and the village, she'd padlock the
skiff an’ there he’d be! She had
him sate an’ sound,” Abbie
“Yes,” acquiesced Rebecca. “But
the scheme worked both ways.
Let Jason walk over to town across
the flats an’ then let the tide rise
an’ there he be, too! Without a
boat there was no earthly way of
his get tin’ home. He had the best
of excuses for loiterin’ an’ carous­
in’ ashore.”
“Well, he don’t loiter and carouse
here no longer. Marcia knows
where he is now,” declared Abbie
with spirit. "I reckon she's slept
more durin’ these last three years
than ever she slept in the ten that
went before ’em. She certainly
looks It. All her worries seems to
have fallen away from her, leavin’
her lookin’ like a girl of twenty.
Slje’s pretty as a picture."
“She must be thirty-five If she’s a
day," Rebecca reflected.
“She ain’t She’s scarce over
thirty. But thirty or even more,
she don’t look her age."
“S’pose she’ll marry again?”
ventured Rebecca, leaning forward
and dropping her voice.
"Marry? There you go, 'Becca,
romancin' as usual.”
“I ain't romancin’. I was Just
wonderin’. An’ I ain’t the only per­
son in town askin’ the question,
neither,” retorted Mrs. Gill with a
sniff. “There’s scores of others. In
fact, I Agger the thought Is the up­
permost one In the minds of ’most
Abbie laughed.
“Mebbe. In fact, I reckon ’tis,”
conceded she. “It's the thought
that come to every one quick as
Jason was buried. Folks 'round
about here are fond of Marcia an'
feel she’s been cheated out of what
was her rightful due. They want
her to begin anew an’ have what
she’d oughter have had years ago—
a good husband an’ half a dozen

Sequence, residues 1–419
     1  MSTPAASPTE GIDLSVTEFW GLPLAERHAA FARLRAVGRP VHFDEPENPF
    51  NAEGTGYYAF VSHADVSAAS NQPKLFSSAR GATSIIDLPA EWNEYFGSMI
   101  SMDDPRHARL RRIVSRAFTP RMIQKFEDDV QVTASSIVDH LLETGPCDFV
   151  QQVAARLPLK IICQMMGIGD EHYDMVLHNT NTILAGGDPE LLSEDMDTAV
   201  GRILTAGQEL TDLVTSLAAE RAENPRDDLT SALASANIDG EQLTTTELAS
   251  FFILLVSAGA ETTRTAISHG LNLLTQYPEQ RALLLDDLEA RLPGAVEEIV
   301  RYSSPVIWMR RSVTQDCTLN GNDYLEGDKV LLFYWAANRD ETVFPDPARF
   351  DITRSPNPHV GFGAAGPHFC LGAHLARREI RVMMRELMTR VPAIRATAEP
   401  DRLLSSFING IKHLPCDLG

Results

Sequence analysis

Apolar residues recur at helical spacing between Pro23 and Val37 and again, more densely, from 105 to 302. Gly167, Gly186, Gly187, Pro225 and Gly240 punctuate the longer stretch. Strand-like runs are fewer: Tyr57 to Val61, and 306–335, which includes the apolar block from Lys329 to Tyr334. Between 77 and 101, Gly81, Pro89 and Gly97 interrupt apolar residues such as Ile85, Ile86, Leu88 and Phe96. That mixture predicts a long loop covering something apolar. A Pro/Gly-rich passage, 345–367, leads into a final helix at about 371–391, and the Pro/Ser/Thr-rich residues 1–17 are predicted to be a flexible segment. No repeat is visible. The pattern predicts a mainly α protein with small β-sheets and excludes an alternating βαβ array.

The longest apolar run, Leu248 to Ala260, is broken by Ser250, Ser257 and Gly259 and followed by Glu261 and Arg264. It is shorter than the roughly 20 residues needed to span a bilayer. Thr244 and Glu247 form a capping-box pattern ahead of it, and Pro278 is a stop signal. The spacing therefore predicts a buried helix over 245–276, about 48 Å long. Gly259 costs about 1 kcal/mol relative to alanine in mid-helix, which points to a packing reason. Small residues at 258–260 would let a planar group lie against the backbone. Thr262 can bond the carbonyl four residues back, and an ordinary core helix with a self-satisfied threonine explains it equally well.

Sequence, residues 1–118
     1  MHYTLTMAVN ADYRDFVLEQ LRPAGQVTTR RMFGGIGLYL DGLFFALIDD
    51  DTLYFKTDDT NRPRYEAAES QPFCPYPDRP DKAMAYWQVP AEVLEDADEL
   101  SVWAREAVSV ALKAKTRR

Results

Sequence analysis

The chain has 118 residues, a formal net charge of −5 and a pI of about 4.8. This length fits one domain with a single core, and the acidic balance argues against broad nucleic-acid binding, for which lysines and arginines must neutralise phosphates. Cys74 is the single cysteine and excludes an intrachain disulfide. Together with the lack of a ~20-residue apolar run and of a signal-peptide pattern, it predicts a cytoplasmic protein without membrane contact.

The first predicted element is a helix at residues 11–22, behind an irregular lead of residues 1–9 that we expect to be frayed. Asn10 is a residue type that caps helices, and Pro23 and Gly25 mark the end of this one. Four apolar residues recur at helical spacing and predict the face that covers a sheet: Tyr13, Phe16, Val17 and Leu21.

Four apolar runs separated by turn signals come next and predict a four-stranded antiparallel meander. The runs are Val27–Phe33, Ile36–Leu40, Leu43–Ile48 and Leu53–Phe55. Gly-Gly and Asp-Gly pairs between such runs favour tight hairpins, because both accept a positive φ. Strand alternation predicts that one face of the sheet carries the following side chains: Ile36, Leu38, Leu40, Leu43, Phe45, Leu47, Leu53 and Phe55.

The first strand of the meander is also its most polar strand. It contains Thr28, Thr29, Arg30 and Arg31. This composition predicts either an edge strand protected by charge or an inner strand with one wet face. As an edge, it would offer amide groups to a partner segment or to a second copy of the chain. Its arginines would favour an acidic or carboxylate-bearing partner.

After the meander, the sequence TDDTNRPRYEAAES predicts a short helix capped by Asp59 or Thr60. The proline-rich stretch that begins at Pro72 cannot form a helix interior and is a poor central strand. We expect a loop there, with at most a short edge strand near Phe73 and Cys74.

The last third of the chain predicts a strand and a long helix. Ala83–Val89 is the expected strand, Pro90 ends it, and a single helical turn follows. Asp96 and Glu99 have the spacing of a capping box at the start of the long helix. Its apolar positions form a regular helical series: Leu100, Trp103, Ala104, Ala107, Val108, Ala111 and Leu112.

children. I ain't denyin’ there are
certain persons who are more self­
seekin'. 1 ain't blind to the fact
that once Jason was under the sod,
'bout every widower in town sorter
spruced up an’ began to take no­
tice ; an’ before a week was out
every bachelor had bought a new
“It’s true.
An’ why, pray,
shouldn’t the men cast sheep’s eyes
at Marcia? Can you blame ’em?
She’d be one wife in a hundred
could a body win her. There ain’t
a thing she can’t do from shinglin’
a barn down to trlmmin’ a hat. It’s
a marvel to me how she’s kept out
of matrimony long's this with so
many men millerin’ ’round her.”
"She certalnly’s takln’ her time.
She don't ’pear to be In no hurry to
get a husband,” smiled Rebecca.
“Why should she be? Her par­
ents left her with money in the
bank an' the Homestead to boot,
an' Marcia was smart enough not
to let Jason make ducks and
drakes of her property.”
“All men mightn’t fancy havin’ a
wife hold the tiller, though.”
“Any man Marcia Howe married
would have to put up with it,” Ab­
bie asserted, biting off a needleful of
thread with a snap of her fine
white teeth. "Marcia's always been
captain of the ship an' she always
will be.”
Gathering up her mending, Re­
becca rose.